Nigeria’s electricity supply slumps, blackout worsens as power sector workers strike

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ABUJA, Aug 17 – Workers at the Transmission Company of Nigeria went on strike on Wednesday over what they said were unfair conditions of service, their union said, disrupting power supplies across the country.

In a notice to members seen by Reuters, National Union of Electricity Employees said it was protesting against discriminatory promotion procedures at the state-owned transmission company and unfair labour practices in the power sector, among other grievances.

Transmission Company of Nigeria (TCN) employs 3,800 people and had said in a letter to the union on Tuesday that it was resolving the grievances together with the minister in charge of power. It urged workers not to strike.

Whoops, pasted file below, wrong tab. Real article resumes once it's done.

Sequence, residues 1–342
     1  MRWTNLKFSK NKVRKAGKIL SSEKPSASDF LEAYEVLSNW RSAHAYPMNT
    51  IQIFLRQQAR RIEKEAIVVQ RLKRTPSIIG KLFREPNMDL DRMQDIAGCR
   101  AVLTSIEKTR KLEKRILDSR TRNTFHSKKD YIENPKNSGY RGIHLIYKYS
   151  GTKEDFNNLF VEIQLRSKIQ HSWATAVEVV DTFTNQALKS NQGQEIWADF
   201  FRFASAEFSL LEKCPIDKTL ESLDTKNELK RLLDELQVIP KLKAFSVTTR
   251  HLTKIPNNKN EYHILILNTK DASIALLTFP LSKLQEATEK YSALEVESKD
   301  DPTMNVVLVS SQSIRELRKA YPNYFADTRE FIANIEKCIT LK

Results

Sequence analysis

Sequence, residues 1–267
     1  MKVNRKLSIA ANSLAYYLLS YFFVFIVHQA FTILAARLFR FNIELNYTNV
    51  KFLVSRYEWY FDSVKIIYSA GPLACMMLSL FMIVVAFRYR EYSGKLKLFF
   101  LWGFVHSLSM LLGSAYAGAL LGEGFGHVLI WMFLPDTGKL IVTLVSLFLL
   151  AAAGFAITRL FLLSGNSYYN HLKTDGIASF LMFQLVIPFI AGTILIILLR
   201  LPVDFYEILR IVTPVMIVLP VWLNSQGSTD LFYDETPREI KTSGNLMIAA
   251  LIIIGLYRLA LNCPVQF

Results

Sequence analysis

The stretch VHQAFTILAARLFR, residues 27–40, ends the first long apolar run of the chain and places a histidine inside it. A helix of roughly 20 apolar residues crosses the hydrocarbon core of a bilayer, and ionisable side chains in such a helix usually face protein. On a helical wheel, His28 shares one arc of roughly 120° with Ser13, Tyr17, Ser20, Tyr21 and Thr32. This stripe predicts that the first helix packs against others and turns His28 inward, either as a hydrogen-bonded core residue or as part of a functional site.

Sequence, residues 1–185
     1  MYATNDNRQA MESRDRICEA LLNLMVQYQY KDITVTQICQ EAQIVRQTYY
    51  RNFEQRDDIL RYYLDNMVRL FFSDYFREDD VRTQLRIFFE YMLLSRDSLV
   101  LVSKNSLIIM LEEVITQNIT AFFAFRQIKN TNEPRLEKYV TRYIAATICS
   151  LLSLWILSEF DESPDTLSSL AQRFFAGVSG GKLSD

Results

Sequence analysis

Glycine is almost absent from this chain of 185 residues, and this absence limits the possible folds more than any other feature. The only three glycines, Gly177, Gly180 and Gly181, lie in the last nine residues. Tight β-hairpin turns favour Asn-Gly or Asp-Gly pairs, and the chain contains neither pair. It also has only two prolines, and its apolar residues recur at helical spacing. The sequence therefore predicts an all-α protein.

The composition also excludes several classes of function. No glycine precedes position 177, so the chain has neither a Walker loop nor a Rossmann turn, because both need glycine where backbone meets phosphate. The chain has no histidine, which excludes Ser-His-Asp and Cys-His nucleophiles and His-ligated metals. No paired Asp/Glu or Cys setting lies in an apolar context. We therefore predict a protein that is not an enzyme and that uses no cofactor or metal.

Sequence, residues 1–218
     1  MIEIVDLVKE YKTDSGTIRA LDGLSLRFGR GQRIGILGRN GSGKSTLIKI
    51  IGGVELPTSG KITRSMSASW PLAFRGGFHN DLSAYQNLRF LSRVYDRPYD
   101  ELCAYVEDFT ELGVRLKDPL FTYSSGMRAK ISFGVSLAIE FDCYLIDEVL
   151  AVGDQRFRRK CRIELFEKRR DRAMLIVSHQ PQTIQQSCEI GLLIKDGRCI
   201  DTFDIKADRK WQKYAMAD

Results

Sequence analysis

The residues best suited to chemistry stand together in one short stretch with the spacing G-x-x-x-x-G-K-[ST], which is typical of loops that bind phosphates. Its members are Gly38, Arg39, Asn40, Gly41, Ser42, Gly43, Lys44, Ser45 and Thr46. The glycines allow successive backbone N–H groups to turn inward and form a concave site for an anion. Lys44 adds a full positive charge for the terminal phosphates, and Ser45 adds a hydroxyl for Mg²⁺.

The grid capacity had dropped to zero by 5:00 p.m. (1600 GMT) from 4,100 MW early on Wednesday, according to TCN.

Lagos-based Ikeja Electric, the largest distribution company and one of 11 in the country said “we are currently experiencing disruption of power supply as most stations within our network have been shut down.”

Enugu Electricity Distribution Company, which supplies power to five states, also said “all our feeders are out of supply and this has affected supply to our esteemed customers.”

On Tuesday, Nigeria’s national grid had a peak supply of 4,800 MW, the highest in many months but still far below what the country of 200 million people needs.

A majority of businesses and homes rely on diesel and petrol-powered generators while many more go without electricity.

Reporting by Camillus Eboh; Editing by MacDonald Dzirutwe and David Evans